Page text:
Career Woman

The 5-step guide to build a strong network to help you advance your career


“No one gets to where they are on their own,” is a famous sentiment that is bandied around from the likes of Oprah to Elon Musk.

The fact is that you need the support of others, a strong network, to help you achieve more. If you want to advance in your career, you need to learn to step up and exercise your skills differently, which means having the right support and guidance from others who have been there too. This helps you build your confidence and the ability to take on an element of risk, which comes with any kind of leap or change.

Getting the right people, or sponsors, in place is crucial to help you step into more senior roles. A sponsor is to advocate for you when and where you need to be more visible – they put your name forward for roles you did not know existed or might be coming vacant, for example.

However, it’s important to be very conscious about what sponsorship or network you need to support you in your career.

Here are five steps to follow to help you do that.

1. Choose the sponsorship you need

Be strategic about the network you need based on the role you are going for or the experience or knowledge you may need. Search for would-be sponsors based on this.

Look beyond your immediate circle of mentors and leaders. Would-be sponsors in large organisations are ideally two levels above you with line of sight to your role; in smaller firms, they’re either the CEO or someone on the executive team.

2. Connect with appropriate sponsors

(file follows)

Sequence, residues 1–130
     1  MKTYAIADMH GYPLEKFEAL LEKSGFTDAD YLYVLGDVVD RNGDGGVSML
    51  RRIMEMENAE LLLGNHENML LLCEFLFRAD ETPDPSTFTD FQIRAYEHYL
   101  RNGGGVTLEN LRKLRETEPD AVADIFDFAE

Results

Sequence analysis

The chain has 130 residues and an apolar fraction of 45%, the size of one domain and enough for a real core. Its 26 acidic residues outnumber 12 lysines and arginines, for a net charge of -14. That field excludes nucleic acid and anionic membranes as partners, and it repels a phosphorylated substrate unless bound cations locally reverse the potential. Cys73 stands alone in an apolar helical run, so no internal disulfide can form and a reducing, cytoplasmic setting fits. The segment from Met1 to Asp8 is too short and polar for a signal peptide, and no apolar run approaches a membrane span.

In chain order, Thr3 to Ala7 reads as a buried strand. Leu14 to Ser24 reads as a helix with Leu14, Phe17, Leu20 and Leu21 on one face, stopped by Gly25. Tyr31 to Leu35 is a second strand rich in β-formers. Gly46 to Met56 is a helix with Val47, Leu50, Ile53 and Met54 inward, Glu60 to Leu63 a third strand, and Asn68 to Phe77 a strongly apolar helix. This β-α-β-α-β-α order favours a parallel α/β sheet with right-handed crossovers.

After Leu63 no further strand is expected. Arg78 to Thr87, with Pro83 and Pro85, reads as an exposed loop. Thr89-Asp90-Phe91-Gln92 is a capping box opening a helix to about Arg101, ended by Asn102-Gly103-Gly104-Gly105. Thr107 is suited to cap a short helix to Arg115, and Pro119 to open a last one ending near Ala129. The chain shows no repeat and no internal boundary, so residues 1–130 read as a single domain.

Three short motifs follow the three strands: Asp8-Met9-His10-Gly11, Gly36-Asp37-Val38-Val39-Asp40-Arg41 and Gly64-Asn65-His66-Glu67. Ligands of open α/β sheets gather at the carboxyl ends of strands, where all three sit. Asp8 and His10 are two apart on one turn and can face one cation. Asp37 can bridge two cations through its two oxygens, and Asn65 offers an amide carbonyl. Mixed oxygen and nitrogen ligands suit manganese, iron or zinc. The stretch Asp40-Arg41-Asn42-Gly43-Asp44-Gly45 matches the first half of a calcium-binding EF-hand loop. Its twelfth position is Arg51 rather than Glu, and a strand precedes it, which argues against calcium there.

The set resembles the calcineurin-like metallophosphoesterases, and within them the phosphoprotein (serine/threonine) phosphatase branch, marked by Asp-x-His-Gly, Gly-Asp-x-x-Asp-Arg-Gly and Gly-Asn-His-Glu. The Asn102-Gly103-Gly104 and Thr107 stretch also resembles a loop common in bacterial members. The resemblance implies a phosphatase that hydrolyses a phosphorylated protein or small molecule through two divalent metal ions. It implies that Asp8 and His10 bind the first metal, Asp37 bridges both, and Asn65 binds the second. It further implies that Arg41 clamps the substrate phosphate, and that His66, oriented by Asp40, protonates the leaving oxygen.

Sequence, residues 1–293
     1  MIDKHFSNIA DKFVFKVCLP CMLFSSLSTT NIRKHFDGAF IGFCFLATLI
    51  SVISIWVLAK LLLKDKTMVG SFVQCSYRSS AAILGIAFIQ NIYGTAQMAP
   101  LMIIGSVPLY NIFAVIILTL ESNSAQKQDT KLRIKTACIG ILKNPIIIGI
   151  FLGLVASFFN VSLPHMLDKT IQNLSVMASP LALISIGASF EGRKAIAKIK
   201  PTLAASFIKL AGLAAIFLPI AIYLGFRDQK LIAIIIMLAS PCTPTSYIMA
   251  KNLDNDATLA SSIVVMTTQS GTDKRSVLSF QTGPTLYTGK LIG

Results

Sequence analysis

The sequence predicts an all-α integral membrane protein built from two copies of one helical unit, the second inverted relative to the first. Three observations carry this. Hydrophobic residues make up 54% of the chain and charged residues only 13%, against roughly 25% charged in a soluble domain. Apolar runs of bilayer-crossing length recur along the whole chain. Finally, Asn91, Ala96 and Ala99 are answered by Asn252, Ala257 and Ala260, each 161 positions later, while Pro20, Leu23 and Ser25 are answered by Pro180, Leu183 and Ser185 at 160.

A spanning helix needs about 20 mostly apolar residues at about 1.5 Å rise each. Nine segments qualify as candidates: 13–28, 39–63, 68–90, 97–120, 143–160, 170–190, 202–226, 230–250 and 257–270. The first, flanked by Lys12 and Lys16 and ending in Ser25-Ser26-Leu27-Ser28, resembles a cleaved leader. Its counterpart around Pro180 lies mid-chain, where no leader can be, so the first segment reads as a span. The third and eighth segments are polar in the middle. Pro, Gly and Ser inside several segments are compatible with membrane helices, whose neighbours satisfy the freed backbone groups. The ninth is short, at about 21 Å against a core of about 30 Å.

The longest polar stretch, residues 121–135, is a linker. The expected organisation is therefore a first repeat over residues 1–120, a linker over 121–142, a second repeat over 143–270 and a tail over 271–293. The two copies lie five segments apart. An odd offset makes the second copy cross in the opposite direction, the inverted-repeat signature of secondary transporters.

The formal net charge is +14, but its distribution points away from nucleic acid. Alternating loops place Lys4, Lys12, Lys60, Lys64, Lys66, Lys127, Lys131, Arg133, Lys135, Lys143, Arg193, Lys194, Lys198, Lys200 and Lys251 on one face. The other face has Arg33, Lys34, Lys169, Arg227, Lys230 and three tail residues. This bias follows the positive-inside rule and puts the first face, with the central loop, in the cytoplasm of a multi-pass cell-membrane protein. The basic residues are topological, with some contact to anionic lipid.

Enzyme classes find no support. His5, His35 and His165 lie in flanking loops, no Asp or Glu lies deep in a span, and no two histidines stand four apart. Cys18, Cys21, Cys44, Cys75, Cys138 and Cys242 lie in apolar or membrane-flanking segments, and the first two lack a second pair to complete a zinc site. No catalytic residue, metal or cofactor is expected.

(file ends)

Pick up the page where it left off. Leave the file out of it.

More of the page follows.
Reach out and have a conversation with the person you would like support from. If you don’t ask then you don’t get. Be honest, authentic and transparent. There is nothing worse than when someone asks you for a coffee to ‘pick your brain’.

Equally, don’t just assume they will act as sponsor for you for a specific role you are applying for or be opening doors for you just because you impressed them in some way in the past. Be gracious and explain your intentions and why you think they could help.

3. Nurture your relationships

Like every good relationship, your network needs to be nurtured. How you build the relationship will likely look different for different sponsors, but it is important to be proactive about how you nurture and manage these relationships.

As a (bad) example of this, I had a leader call me who had worked for me some time ago. He wanted me to be a referee for a new role at executive level and said he would also like my sponsorship by way of supporting him into the role. I hadn’t heard from him for eight years! I could barely remember his achievements. Nevertheless, I offered to provide a reference. But I didn’t hear from him again for another nine months – at which point he told me he didn’t get the job and asked whether I could sponsor him again. The answer was no!

4. Review your career

Every 12 months, you must sit down and review your network. This is best performed at the same time as you are looking ahead to what you want to achieve for the year professionally and what development needs to take place to support that.

Sponsors move in and out of organisations regularly so you never want to find yourself having applied for a role or needing support with no-one senior to advocate for you.

5. Give back

Any kind of network is a two-way street. See your network as something you need to give back to. How can you provide help for someone else? What skills, knowledge or expertise can you offer as a thanks?

Sponsors don’t just magically appear, and a solid network must be earned and reviewed on an ongoing basis. But when you have the right sponsor, the right people, the right network, the result can change your career.

About Michelle Sales

Michelle Sales is a highly sought-after speaker, trainer, facilitator and coach who helps senior leaders and their teams learn to show up as the best version of themselves, to build their confidence and influence with others, and to maximise their leadership and performance. She is the author of the book ‘The Power of Real Confidence’. Find out more at

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